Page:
“When I first got to Kansas, I called him ten times and I told him, ‘You can have all the money. I’ll hire everybody else for a dollar. You can have it all. What’s it going to take to get you here?’ Because I just think that much of him.”
Kansas enters preseason camp with a wide open quarterback battle between Carter Stanley, who started three games (including Texas) in 2016, and junior college transfer Peyton Bender, who began his career backing up Luke Falk at Washington State.
Beaty said he can’t go wrong with either. He loves Stanley’s toughness and ability to extend plays while Beaty said Bender has “an unbelievably quick release.”
Oh, and the two are roommates.
“They are really, really close friends, and it’s going to be a battle because both of them want to take that job,” Beaty said. “The other thing that I talk to these guys all the time about is, if you just look at our league over the last two to three years, very few of us have been able to go through the entire schedule with just one guy playing the entire year. So for us, we feel very fortunate that we have two really capable guys right now at that place.”
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Kingsbury not sweating the heat
Other than asking why a Justin Bieber song played as he approached the microphone, Kliff Kingsbury opted not to give an opening statement to kick off his news conference this year. Once the questions began, it didn’t take long for the Texas Tech head coach to hear about how bad TTU’s defense has been during his four seasons. One guy even asked why TTU can’t “get 10, 15 or 20 recruits who can hold opponents to 30 points or less a game.”
Well, how is he going to fix it? It starts with staff consistency under defensive coordinator David Gibbs, Kingsbury said.
“As a head coach, it falls on me, no question. I think middle of year two we made a change where we kind of had to start over, and coach Gibbs came in. It wasn’t the greatest situation, no question, and he’s still working through that,” Kingsbury said.
“I think going into year three, we have the same defensive coordinator for the first time at Texas Tech in a long time. He’s been able to bring in players that fit his scheme. He’s been able to bring in coaches that he’s comfortable with. So I expect to see us be improved.”
With a 24-26 record in four years, Kingsbury knows those projected defensive improvements need to reflect in the win column. Otherwise, he could be out of a job.
“We know we have to be much improved. But that’s part of the job. I think that everybody but the four that make the playoff every year are basically on the hot seat in college football. You’re coaching for your job every year, and we know that,” Kingsbury said.
“I don’t feel any more pressure than I ever have. I always expect to win and give Texas Tech what it deserves and their fans and their alumni and that university. So to me, we’re moving forward and have tried to improve all our processes, but as far as added pressure, it’s not something we try to dwell upon.”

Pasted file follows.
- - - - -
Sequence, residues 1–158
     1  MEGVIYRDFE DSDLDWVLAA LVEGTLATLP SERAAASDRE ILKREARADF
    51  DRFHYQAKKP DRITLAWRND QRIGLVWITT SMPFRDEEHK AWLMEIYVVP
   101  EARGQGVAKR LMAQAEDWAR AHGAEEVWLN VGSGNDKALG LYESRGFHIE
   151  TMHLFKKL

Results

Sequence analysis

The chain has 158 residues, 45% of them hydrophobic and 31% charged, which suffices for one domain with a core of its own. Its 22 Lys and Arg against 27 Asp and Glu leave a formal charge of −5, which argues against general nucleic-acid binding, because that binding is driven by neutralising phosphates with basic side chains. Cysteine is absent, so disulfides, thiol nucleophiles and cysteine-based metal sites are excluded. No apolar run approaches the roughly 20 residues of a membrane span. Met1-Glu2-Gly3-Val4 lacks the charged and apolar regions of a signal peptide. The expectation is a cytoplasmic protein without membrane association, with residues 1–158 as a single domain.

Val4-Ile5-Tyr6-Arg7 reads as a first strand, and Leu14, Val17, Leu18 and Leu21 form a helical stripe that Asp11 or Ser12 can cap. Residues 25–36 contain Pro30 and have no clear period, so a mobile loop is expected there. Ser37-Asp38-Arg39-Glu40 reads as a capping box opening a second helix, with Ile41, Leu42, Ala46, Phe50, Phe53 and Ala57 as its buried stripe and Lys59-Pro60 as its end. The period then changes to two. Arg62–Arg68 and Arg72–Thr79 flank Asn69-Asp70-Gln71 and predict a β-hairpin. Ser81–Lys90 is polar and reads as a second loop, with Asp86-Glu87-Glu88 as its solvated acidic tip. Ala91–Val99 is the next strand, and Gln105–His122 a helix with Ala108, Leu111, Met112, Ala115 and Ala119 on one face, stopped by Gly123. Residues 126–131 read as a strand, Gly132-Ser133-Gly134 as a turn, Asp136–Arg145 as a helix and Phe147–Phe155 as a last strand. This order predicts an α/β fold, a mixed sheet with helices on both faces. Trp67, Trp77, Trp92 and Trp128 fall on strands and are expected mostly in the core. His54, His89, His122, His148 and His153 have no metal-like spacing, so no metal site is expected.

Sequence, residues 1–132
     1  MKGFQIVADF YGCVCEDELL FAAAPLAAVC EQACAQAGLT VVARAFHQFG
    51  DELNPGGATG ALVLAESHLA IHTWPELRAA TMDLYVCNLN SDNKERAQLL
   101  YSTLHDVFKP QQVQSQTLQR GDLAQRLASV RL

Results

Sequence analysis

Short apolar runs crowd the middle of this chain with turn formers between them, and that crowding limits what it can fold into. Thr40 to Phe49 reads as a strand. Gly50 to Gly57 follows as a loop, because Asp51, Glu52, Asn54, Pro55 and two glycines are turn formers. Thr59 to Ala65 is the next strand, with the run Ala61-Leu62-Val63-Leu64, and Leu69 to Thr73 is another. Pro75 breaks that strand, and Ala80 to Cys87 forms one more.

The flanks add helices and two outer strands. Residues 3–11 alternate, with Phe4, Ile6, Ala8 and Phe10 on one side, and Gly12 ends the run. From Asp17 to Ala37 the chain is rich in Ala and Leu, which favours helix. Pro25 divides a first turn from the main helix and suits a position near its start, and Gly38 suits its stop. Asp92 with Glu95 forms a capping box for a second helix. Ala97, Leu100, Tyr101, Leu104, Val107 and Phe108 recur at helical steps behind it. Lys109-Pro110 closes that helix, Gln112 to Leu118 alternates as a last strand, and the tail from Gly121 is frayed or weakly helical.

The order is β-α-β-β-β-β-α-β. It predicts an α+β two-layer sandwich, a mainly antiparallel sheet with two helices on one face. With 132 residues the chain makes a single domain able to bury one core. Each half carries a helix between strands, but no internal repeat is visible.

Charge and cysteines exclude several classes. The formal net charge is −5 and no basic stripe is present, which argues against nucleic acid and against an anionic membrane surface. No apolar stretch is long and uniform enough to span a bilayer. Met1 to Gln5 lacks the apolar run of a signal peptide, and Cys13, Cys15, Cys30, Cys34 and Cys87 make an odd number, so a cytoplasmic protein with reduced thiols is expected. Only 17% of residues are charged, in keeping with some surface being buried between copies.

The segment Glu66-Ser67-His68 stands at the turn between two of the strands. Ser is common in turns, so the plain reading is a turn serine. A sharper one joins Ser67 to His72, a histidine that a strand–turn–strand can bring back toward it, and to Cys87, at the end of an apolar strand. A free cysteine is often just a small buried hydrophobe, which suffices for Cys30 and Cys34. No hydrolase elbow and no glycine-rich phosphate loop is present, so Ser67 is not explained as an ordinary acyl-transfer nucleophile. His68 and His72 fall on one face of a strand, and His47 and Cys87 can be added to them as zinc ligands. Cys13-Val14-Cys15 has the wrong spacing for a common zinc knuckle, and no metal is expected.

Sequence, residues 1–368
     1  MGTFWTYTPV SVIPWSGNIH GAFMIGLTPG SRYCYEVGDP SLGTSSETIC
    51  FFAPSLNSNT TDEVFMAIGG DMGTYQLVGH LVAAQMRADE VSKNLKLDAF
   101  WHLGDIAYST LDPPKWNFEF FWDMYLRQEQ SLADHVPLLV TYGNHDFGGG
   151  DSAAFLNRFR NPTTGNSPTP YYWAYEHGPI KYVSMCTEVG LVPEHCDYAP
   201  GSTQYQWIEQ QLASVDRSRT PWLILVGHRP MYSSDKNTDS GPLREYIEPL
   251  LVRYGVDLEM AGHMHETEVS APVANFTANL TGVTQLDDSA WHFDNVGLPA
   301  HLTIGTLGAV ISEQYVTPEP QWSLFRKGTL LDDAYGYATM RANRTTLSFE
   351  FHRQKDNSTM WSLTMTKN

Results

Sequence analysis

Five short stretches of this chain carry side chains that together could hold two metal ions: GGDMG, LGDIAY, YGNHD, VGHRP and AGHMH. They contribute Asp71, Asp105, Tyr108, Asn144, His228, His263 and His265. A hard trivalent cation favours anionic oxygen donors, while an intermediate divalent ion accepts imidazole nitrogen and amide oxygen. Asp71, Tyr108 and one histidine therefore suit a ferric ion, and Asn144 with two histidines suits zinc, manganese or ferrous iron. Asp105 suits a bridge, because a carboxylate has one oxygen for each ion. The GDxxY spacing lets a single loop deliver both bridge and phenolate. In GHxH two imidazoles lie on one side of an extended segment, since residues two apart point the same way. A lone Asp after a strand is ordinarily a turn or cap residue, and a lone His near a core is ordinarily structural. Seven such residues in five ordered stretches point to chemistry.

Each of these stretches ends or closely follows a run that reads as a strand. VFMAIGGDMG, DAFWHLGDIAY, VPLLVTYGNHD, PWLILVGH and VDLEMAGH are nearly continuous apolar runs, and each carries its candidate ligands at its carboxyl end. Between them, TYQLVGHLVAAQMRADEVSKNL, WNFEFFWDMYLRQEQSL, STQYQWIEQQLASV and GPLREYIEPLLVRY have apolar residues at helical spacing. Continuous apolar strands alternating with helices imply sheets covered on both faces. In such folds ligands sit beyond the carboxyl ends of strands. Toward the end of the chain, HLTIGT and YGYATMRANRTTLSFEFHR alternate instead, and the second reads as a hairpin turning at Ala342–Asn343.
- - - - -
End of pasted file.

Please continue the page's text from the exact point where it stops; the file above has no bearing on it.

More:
Campbell: Lanning a ‘beacon of excellence’
Iowa State went 3-9 in Matt Campbell’s first season, but six of those losses were by 10 points or less. Late in the year, ISU finally notched its first two conference wins of the year, besting Kansas and Texas Tech. That growth, Campbell said, helped propel his team into the offseason.
“I think we learned some great lessons across the board, and really you saw our football team get better as last football season went on,” Campbell said. “We were able to take some of those really great traits and really take our understanding and growth process into the months of January and February and March and I saw our football team really come together.”
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Campbell made the switch to Jacob Park at quarterback midway through the season, leaving 14-game starter Joel Lanning in more of a ball-carrying role. With Park entrenched as the starter at quarterback, Campbell mulled ways to get Lanning — one of the team’s best athletes — on the field. In the spring, Lanning was inserted at middle linebacker. On Monday, the senior was listed as the starter.
“Joel has kind of been a beacon of excellence within our program really from the day that I’ve gotten to Iowa State,” Campbell said. “We got to the end of the football season, and we saw one of our best football players not playing consistently for our football team. I think we initially talked after the season of maybe he’d be on the offensive side knowing that he’s really good with the ball in his hands.
“And as I thought more of it, I almost kind of put myself in a GM mentality of where do I see this guy? So he’s taken this leadership role and really excelled on the defensive side. I probably was taken back a little bit about just as much growth as he was able to make from practice 1 through 15.”